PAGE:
Victorian Language

by Hardeep Kataria

The fact of the matter: “Nobody speaks at all like the characters in any novel, play or film. Life would be intolerable if they did; and novels, plays or films would be intolerable if the characters spoke as people do in life” (Abercrombie 1965).

So what was the real way of speech?
Fiction was generally thought to be an accurate portrayal of reality; “true life” (Chapman 1). It was unfavorable if it stressed credulity too far. Therefore, fiction is our main source of information; it is our main source to the reality of speech for the Victorians. Greater mobility and expansion of communication of the Victorian era brought together regional groups, thus increasing the complexity of the variations in the English language. Consequently, pronunciation evolved as an indicator of social prestige (Chapman 6-8). Two categories of speech developed: Standard and Non-Standard speech.

Formation of Standard Speech vs. Non-Standard Speech
The Education Act of 1870 established the school as a ‘melting pot’ for upper and middle class children and the speech boundary had to be resolved. Thus a uniform accent (Standard speech) was created and pupils who refused to accept this new accent or who could not adapt to this new way of speech were severely punished. Peer pressure was also an issue because the new boy would have to adapt to the new form of speech in order for his peers to accept him or to merely avoid bullies (Chapman 12).

Non-Standard Speech
This type of speech was also synonymous with lower class slang, “cockney” or the way in which the ‘uneducated’ communicated, specific to the East End (Chapman 19). The infamous “cockney” was native to the East End, as remains today. Cockney dialect allowed spelling and pronunciation deviances; it was often referred to as a “corruption” (Chapman 19) of a much more defined language and was used in humor, pathos or regional situations.

Cockney deviated from Standard Speech mainly through pronunciation. As observed in numerous novels by Charles Dickens, the lower classes adapted to the cockney style. This includes,

However, although cockney was consistently referred to as the more “uneducated” form of speech, one could decipher between a person who was educated and compelled by pronunciation to adapt cockney, and one who had not been educated in the verb formation of the English language.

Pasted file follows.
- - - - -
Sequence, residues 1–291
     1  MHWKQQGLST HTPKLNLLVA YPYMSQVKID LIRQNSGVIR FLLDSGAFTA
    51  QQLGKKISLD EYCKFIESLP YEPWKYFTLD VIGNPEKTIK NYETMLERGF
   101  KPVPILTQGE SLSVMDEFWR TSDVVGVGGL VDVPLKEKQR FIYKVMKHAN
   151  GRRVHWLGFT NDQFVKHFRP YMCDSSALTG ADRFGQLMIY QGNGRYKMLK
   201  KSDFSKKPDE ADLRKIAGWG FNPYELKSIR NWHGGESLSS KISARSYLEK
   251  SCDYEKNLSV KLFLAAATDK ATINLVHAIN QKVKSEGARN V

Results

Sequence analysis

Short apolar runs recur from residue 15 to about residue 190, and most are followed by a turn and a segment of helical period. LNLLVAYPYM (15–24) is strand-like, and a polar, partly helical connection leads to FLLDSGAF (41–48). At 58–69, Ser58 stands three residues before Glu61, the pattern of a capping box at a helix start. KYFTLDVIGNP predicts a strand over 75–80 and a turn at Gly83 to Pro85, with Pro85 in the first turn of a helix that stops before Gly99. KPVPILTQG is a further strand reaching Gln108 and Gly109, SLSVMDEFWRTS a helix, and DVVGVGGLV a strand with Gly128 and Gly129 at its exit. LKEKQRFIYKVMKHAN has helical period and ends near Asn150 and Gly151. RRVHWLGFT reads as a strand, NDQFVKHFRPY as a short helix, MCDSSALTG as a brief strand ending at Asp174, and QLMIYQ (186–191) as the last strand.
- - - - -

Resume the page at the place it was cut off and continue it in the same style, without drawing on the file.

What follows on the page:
Applications of Non-Standard Speech:
For example, in Dickens’ Our Mutual Friend, Mr. Boffin consistently uses “don’t” where he should use “doesn’t.” Indicative of his inability to become socially mobile, he reveals his lack of education through his language; “…because the Court don’t think it…” (Dickens 631).

The speech of an illiterate is accurately represented through one of Dickens’ villains, Rogue Riderhood, Our Mutual Friend.

Not only were members of the working class desperate to climb the social ladder but also attempted to impress the upper class. Parallel to dropping the “h’s” where correctly needed, servants and other members of the working class would often add superfluous “h’s” in effort to impress their masters. For instance, an “off” would become a “hoff” to feign the representation of an education (Phillipps 131).

Origin of select terms
According to Phillipps, various terms have survived several centuries to reach the Victorian Era. For example, words such as “ ‘orrizon” as opposed to “horizon” would have been recognized by Geoffrey Chaucer (1343-1400). Other words have also survived from William Shakespeare’s (1564-1616) Much Ado about Nothing and also from Tudor Times (1485-1603).

An example of contemporary cockney speech from a popular serial Eastenders: The clip is called, “You’re not my mother!”

Standard Speech
The aristocrats and gentry spoke Standard Speech yet still formed their own slang. However, this slang was not pervasive to the English language, as cockney was thought to be, but instead was primarily regional and an upper class prerogative.

In Dickens’ Our Mutual Friend, acquaintances shout, “Mis-ter and Mis-sis Podsnap!” (19). This example evidently reveals an exaggeration of pronunciation. The Veneerings’ exclamation “Mis-ter Twemlow!” (18) also supports this type of syllable accentuation, along with “Ven-eerings!” proclaimed in a French accent.

Occupational Speech (Middle Class)

Therefore, language in the Victorian era was important in ranking members of classes and occupations. Language had the potential to assess and reflect upon one’s regional, educational, occupational and family background.

The distinctions in speech amongst three different social ranks are evident in the following excerpt from an adaptation of Elizabeth Gaskell’s North and South.

Episode 1, Clip 3.

Works Cited

Chapman, Raymond. Forms of Speech in Victorian Fiction. New York: Longman, 1994.

Dickens, Charles. Our Mutual Friend. 1865. Introduction and notes Adrian Poole. New York: Penguin, 1997.

Phillipps, K.C. Language and Class in Victorian England. Ed. David Crystal. New York: Basil Blackwell Inc, 1984.